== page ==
Continue Reading Pennsylvania Supreme Court: Public School Employees Have Constitutional Right to Privacy in Their Home Addresses

The Washington State Court of Appeals recently held that the First and Fourth Amendments of the United States Constitution and Article I, Section 7 of the Washington State Constitution, do not afford an individual privacy interest in public records contained in an elected official’s private email account.

Arthur West submitted a public records request to the City of Puyallup for communications received or posted through City Council Member Steve Vermillion’s private website and email account that related to matters of City governance. Vermillion had used the account during his election campaign and occasionally received emails from constituents and the City, which he forwarded to his City account when an official response was warranted. In response to the request, Vermillion and the City declined to provide records located in Vermillion’s private email account. West sued to compel disclosure under the Public Records Act. West v. Vermillion, No. 48601-6-II (Wash Ct. App., Nov. 8, 2016. The Superior Court ruled in favor of West and ordered Vermillion, under penalty of perjury, to produce records within the scope of the request.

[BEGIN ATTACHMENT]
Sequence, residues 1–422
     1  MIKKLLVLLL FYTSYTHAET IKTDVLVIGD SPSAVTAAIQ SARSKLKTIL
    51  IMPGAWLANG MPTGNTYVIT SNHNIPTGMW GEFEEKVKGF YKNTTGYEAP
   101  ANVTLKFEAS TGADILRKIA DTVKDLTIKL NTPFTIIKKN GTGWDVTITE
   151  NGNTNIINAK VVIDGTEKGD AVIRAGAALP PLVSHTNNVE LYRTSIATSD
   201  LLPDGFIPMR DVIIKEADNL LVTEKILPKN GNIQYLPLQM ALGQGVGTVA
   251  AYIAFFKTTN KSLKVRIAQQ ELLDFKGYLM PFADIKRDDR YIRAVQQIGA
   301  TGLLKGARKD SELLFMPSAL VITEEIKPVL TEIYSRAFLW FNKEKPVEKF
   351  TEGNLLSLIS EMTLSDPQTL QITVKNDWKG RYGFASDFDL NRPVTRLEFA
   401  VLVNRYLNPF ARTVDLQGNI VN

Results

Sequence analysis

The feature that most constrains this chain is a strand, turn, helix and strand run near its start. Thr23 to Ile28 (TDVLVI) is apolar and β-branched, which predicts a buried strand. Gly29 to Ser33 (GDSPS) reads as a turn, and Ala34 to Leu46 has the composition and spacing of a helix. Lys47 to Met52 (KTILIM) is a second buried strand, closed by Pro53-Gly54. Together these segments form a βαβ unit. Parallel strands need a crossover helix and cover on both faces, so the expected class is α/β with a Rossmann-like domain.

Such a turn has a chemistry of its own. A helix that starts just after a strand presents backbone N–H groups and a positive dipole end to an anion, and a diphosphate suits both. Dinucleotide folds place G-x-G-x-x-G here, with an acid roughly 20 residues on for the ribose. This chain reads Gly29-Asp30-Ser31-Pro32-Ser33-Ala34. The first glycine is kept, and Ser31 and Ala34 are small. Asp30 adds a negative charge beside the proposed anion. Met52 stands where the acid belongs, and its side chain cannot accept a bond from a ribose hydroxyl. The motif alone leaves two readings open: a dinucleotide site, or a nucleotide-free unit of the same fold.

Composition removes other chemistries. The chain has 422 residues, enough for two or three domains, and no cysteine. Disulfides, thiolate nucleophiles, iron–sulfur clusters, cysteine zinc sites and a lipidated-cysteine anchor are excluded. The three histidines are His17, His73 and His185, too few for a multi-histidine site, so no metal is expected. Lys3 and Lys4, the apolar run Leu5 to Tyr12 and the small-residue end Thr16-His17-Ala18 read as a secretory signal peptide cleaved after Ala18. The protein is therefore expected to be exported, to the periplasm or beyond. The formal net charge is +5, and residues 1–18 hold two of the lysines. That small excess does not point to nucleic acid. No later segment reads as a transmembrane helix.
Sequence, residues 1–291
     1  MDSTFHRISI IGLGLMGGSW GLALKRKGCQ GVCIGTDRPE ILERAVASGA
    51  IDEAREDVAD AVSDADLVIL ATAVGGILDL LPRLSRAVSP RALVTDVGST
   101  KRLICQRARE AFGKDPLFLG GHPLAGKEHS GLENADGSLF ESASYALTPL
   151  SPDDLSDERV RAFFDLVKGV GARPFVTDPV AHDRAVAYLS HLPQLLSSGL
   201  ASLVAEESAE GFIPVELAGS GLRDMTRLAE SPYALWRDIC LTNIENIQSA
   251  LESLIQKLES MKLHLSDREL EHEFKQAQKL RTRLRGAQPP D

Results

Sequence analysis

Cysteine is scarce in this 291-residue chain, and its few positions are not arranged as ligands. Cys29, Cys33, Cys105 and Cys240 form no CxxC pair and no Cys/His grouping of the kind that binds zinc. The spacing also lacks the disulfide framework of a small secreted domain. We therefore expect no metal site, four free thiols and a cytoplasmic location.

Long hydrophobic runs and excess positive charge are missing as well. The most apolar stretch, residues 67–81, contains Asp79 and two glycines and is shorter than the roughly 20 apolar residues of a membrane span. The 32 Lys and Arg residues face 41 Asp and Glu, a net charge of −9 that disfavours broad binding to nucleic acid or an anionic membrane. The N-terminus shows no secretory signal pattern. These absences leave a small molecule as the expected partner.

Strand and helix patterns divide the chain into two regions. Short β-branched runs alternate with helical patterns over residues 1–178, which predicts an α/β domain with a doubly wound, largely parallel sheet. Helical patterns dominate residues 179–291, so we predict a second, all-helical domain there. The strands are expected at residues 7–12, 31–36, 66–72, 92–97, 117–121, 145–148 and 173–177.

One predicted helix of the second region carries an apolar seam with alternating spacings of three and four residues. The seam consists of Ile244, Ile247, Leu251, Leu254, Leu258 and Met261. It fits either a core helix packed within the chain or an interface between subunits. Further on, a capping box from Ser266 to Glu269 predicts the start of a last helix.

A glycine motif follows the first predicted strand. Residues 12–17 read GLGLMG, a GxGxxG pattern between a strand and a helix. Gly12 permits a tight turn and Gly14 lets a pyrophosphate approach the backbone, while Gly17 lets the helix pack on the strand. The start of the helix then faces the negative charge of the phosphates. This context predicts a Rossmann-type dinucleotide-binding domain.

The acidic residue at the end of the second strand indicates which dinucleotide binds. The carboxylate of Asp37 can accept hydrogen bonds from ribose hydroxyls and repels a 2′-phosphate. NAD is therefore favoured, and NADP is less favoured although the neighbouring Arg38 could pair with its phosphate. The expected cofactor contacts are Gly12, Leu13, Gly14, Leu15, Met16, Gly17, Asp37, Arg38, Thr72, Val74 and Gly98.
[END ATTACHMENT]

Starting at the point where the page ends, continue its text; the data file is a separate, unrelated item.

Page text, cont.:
Continue Reading Private Account But Public Records: Public Records Located in City Council Member’s Private Email Account Are Not Protected From Disclosure By the State and Federal Constitutions

The California Court of Appeals has upheld a Napa County court decision finding that a child pornographer had no reasonable expectation of privacy in files that were publically-accessible, despite his having taken measures to obfuscate them.

After the trial court denied his motion to suppress evidence, defendant Richard Evensen pleaded guilty to various sex crimes. This evidence had been obtained through software tools known as “RoundUp” that targets peer-to-peer-file-sharing networks to identify Internet Protocol (“IP”) addresses associated with known digital files of child pornography. RoundUp is only available to law enforcement officials. A public website identified one such IP address to be registered with Comcast, which, upon execution of a search warrant, revealed the subscriber of the IP address to be Evensen’s mother. A second search warrant was then executed, leading to further inculpatory evidence. Upon Evensen’s arrest, further evidence of wrongdoing was also found.

Continue Reading No Expectation of Privacy in Digital File Downloaded to Publically-Accessible Folder through File-Sharing Software